Poetic Poaceae

Now that the magic of May has faded, with much of the springtime color we’ve come to enjoy around the nursery ending while we linger on the cusp of summer blooms, the time to celebrate the variances of green textures, tones, and shapes is upon us. We’ve talked before about the important ecological role that our Midwestern-American grasslands play in maintaining the balance of so many critically endangered mammalian and avian species. This week, we’re getting a little closer to home, talking more about the geographical, ecological, and, of course, ornamental properties of three strappy garden sidekicks (that hopefully after today will become more than just sidekicks in your installations).

For all intents and purposes, when we say “grasses”, this week we really do mean good ole true grasses – those belonging to the family Poaceae. We’ll get to the sedges and rushes of the world at a later date, but today we’re getting into the nodes and culms of it all.

On a large scale, grasses make up the most dominant biome worldwide, with grasslands serving as important habitats for the critters that live there and also aiding in erosion control and bioremediation in areas where soil has been degraded or disturbed. On a smaller, local scale, grasses provide a range of textures to the landscape, from their fine to strappy blades, and large-and-fluffy to delicate-and-mist-like inflorescences. This is evidenced in the finely textured, nearly hairlike leaves and stems of Nassella tenuissima, topped with threadlike inflorescences, which create a truly mesmerizing visual billowing in a soft summer breeze. Known commonly as Mexican feathergrass, this Southwestern native is stunning planted en masse in the rock garden, or mingling amongst brightly colored, boldly textured early summer blooms. The threadlike, silvery-white inflorescences gleam in the moonlight, providing an unexpected, fine texture in the nighttime garden. Its drought tolerance makes it a favorite of those with xeriscaping, and ability to self-seed readily in the landscape makes it a dutiful volunteer capable of filling in odd gaps where other plants may have difficulty establishing.

On the topic of grasses that are capable of establishing pretty much anywhere, Festuca rubra, creeping red fescue, is native not only to most of North America, but also much of the Northern Hemisphere worldwide. Its ability to handle a wide range of soil types, from rich, organic woodlands to dry, rocky, and even sandy coastal soils, makes it essentially a jack-of-all-trades for virtually any environment. The hardiness of Festuca rubra makes it suitable even for mowing and foot traffic, or when left alone, the loose panicles create a natural look and provide an upright element to the landscape with its soft, misty inflorescences that stand over 24” in height. Perhaps best known for its ability to tolerate shade better than other turfgrasses, creeping red fescue does best when provided at least light dappled shade, but will proliferate in both full sun to partial shade conditions. The summer dormancy period that Festuca rubra undergoes leaves room in the garden for warm season grasses and summer perennials to take the main stage. Looking for a shade-tolerant lawn alternative? Look no further than Festuca rubra.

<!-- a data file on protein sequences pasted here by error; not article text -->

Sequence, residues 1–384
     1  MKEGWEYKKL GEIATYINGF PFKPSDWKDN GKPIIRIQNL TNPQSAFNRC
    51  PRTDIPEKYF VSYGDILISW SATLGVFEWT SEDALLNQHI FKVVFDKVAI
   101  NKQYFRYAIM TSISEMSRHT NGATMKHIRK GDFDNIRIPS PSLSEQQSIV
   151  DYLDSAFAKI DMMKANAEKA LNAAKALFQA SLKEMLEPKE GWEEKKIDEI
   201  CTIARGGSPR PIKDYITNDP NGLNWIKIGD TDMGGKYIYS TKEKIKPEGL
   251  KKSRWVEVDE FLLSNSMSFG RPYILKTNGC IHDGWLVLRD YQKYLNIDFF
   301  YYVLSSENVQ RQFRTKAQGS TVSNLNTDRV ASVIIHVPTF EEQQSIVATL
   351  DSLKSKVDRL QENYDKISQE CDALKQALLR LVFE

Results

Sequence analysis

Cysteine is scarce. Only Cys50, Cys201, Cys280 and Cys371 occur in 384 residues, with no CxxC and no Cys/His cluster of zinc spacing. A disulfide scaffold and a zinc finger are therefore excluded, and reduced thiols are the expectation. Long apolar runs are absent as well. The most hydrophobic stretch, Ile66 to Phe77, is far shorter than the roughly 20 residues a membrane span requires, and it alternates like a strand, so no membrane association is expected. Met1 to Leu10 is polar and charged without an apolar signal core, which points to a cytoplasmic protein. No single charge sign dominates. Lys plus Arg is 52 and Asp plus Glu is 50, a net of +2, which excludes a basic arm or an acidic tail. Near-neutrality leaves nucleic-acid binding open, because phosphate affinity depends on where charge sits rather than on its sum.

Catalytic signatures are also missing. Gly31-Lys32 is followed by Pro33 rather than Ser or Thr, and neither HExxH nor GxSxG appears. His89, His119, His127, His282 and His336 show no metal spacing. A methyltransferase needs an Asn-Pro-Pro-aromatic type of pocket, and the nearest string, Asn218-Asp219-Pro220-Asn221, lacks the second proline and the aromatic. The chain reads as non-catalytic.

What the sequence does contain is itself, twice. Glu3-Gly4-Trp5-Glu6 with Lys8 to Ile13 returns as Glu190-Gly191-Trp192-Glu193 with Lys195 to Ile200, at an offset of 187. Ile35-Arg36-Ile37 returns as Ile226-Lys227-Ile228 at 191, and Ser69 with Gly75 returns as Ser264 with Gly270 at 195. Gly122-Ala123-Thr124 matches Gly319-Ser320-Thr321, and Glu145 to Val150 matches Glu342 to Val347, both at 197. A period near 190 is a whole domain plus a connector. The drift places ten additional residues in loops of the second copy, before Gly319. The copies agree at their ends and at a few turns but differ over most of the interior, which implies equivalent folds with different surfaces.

If light shade is a consistent issue you’re dealing with in the landscape, and you desperately want to incorporate more grasses that won’t go dormant in the summer, Sesleria autumnalis is definitely one to consider. While some may consider the inflorescences to be less showy than that of the latter two species, others may argue that the erect, silvery-white blooms provide a modest textural contrast overtop of the yellow-green mound of foliage. Autumn moor grass, as this species is commonly known, is a wonderful semi-evergreen cool season grass that softens up garden bed or walkway edges, capable of handling drought-prone or polluted soils, and is no stranger to tolerating black walnut juglone. A mature, well-established Sesleria autumnalis specimen makes for a fantastic landscape filler or mounding, clumping groundcover in tricky partial shade areas. Alternatively, the inflorescences, which may be inconspicuous to some, are perfect child-height and have just the right amount of fluffiness to interest curious youngsters in the children’s or sensory garden, who are sure to want to run their tiny fingers through the blooms.

We’ve seen a huge demand for these grasses recently, so make sure to get your hands on them before they’re gone!

Nassella tenuissima | Mexican feathergrass

Festuca rubra | creeping red fescue

Sesleria autumnalis | Autumn moor grass


Festuca rubra (Red Fescue) (gardenia.net)

Festuca rubra (Creeping Red Fescue, Red Fescue, Red-Fescue) | North Carolina Extension Gardener Plant Toolbox (ncsu.edu)

Mexican Feather Grass: Invasive Beauty can be Deceiving - UC Master Gardener Program Statewide Blog - ANR Blogs (ucanr.edu)

Sesleria autumnalis (Autumn Moor Grass) | North Carolina Extension Gardener Plant Toolbox (ncsu.edu)

Autumn moor grass | The Morton Arboretum

Sesleria autumnalis (autumn moor grass) - Lurie Garden

See all our Grasses

Nassella tenuissima